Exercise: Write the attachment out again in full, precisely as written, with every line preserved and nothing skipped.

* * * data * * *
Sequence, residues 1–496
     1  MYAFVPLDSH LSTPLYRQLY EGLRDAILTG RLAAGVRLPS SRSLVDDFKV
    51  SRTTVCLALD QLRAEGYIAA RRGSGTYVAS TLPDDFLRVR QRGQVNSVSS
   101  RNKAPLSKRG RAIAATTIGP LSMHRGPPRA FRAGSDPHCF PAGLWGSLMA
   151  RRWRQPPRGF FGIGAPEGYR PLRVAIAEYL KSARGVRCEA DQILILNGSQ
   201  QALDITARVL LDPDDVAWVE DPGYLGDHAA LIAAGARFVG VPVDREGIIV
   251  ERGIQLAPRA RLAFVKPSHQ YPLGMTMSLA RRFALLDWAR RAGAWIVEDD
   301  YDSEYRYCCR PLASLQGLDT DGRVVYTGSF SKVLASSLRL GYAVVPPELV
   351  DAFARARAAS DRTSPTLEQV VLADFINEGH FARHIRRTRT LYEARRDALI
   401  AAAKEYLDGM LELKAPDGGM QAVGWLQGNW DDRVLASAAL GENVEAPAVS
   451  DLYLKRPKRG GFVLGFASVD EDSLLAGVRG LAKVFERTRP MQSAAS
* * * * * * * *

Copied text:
Sequence, residues 1–496
     1  MYAFVPLDSH LSTPLYRQLY EGLRDAILTG RLAAGVRLPS SRSLVDDFKV
    51  SRTTVCLALD QLRAEGYIAA RRGSGTYVAS TLPDDFLRVR QRGQVNSVSS
   101  RNKAPLSKRG RAIAATTIGP LSMHRGPPRA FRAGSDPHCF PAGLWGSLMA
   151  RRWRQPPRGF FGIGAPEGYR PLRVAIAEYL KSARGVRCEA DQILILNGSQ
   201  QALDITARVL LDPDDVAWVE DPGYLGDHAA LIAAGARFVG VPVDREGIIV
   251  ERGIQLAPRA RLAFVKPSHQ YPLGMTMSLA RRFALLDWAR RAGAWIVEDD
   301  YDSEYRYCCR PLASLQGLDT DGRVVYTGSF SKVLASSLRL GYAVVPPELV
   351  DAFARARAAS DRTSPTLEQV VLADFINEGH FARHIRRTRT LYEARRDALI
   401  AAAKEYLDGM LELKAPDGGM QAVGWLQGNW DDRVLASAAL GENVEAPAVS
   451  DLYLKRPKRG GFVLGFASVD EDSLLAGVRG LAKVFERTRP MQSAAS